Then, you begin to hear something else. Christ! I can’t believe this, but Richard Carpenter was not simply riding on the coattails of his sister’s voice. The guy is a musical genius! His orchestration and arrangements were innovative and light years ahead of everyone else at the time. Oh sure, the music is soothing, but it the perfect juxtaposition to Karen’s painful vocals. It’s a total yin and yang, tug and pull type of thing. It actually becomes something as subversive and the Ramones doing “I Wanna Be Sedated” in a manic manner or Boy George singing love songs in his garb and make-up. Once I got all of that, I returned to my fandom.
Now, are they going to ever have a place in my heart like Prince, Tom Petty or R.E.M.? No. But, they do have a frequent place in my musical library. And, this re-evaluation all began with If I Were a Carpenter back when my boys were little and wanted to listen to alternative music.
So, there you have it. My whole love/hate relationship over the years with the Carpenters, and how they were my entry drug into the world of The Beatles. So, today, I present my 25 favorite Carpenters songs. FYI: I prefer the duo’s minor hits as opposed to their #1 hits, generally speaking. I am placing the chart peaks for each song on my list, if there was one.
25. “There’s a Kind of Hush (All Over the World)” (1976) #12
24. “Bless the Beasts and the Children” (1971) #67
23. “Please Mr. Postman” (1975) #1
22. “A Song for You” (1971) —
21. “Solitaire” (1975) #17
20. “I Need to Be in Love” (1976) #25
19. “This Masquerade” (1974) —
18. “Sing” (1973) #3
17. “Ticket to Ride” (1969) #54
16. “For All We Know” (1971) #3
15. “Top of the World” (1973) #1
14. “Merry Christmas Darling” (1970) —
13. “Touch Me When We’re Dancing” (1981) #16
12. “Make Believe It’s Your First Time” (1983) #101
11. “Only Yesterday” (1974) #4
10. “Calling Occupants of Interplanetary Craft” (1977) #32. What can be weirder than the Carpenters covering a sci-fi song by a Canadian pop/rock band who had been riding a wave of rumors that said they were a secret reunion of The Beatles? And, I almost did not get the joke!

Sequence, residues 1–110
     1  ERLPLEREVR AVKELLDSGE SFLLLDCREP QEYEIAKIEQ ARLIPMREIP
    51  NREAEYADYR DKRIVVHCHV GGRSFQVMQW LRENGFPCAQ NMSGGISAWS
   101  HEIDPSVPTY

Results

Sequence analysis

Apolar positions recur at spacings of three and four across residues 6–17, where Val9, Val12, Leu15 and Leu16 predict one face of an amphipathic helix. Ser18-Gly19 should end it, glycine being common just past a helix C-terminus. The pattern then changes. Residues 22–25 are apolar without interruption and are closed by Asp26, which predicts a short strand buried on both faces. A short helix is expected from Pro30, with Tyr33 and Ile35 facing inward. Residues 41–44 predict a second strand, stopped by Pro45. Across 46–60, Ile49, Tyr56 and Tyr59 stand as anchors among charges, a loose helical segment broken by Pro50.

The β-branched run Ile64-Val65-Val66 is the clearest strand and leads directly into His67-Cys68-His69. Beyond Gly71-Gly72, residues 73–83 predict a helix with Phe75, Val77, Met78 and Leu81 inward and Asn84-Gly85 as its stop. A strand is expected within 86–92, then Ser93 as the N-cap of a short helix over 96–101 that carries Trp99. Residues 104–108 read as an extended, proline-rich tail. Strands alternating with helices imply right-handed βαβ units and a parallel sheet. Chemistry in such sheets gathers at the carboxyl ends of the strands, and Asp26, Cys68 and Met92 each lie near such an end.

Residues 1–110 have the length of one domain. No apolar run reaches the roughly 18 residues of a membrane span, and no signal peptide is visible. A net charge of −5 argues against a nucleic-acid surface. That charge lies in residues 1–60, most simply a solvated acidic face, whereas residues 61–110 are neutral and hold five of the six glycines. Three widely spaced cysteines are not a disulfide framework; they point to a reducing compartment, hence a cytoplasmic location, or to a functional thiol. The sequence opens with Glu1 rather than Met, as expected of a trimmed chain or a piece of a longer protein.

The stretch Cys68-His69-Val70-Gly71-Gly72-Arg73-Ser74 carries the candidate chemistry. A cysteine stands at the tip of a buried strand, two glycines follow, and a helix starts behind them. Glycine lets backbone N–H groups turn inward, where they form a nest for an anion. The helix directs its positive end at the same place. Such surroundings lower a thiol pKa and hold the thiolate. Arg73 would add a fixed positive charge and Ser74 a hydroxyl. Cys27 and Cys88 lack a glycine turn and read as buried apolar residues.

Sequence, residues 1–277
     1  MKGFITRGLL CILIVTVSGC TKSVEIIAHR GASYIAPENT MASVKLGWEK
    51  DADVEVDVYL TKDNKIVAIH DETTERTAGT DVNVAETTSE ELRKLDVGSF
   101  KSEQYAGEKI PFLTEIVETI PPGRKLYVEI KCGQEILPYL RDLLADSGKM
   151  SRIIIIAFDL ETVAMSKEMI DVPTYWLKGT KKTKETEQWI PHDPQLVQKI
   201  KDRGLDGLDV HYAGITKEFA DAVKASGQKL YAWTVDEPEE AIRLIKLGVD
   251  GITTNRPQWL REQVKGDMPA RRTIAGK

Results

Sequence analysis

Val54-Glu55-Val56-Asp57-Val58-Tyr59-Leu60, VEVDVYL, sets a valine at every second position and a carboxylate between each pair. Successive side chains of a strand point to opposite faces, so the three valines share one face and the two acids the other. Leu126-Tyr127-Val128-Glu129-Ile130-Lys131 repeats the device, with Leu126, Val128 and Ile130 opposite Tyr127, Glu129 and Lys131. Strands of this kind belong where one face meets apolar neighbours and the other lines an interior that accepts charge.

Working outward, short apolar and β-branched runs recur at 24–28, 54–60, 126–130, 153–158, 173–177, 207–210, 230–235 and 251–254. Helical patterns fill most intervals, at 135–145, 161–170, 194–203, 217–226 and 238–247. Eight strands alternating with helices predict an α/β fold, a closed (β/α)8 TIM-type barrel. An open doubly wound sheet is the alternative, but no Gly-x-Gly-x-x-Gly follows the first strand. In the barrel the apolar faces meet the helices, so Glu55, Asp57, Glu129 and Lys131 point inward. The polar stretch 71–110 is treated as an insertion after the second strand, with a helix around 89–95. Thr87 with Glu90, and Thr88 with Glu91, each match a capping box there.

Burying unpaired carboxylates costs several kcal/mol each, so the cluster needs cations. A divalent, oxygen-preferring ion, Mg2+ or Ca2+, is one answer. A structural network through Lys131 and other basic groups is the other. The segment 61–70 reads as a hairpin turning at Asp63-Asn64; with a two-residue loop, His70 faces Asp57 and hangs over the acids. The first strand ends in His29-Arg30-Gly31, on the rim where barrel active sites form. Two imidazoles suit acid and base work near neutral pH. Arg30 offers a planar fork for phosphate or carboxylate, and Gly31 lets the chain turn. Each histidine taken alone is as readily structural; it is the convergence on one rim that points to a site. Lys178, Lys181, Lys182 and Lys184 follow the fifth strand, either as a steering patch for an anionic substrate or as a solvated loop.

9. “Rainy Days and Mondays” (1971) #2. Sure, this title became something of a punchline, but it is a cry for help that few only heard.
8. “It’s Going to Take Some Time” (1972) #12. Seriously, did anyone really hear how Karen was singing this song? To quote my dad, “For Chrissakes!”
7. “Yesterday Once More” (1973) #3. Why did the best Carpenters songs not hit the top spot? This song has become more poignant as I have gotten older.
6. “I Won’t Last a Day Without You” (1974) #11. Simply put, Karen at her most vulnerable.
5. “Hurting Each Other” (1972) #2. Only a person who has been in a crappy relationship understands this one. It’s a shame Karen did.
4. “Goodbye to Love” (1972) #7. We’ve all been there, especially as a teen and young adult. It’s as if Karen took on all of our pain while recording her vocals.
3. “We’ve Only Just Begun” (1971) #2. This song was so ubiquitous when I was a kid that I thought it was mandatory for it to be played at every wedding my family attended. And, did you know that the song was originally used in a commercial out in California before the Carpenters recorded it and made it a milestone Seventies love song?
2. “(They Long to Be) Close to You” (1970) #1. More of a sentimental choice than anything else. And that’s all I’m going to say about that.
1. “Superstar” (1972) #2. This song kickstarted the whole power ballad fad that last well in the Nineties without many even noticing. This song was perfect BEFORE Sonic Youth covered it and turned it inside out. It is truly one of the great overlooked songs of the rock era!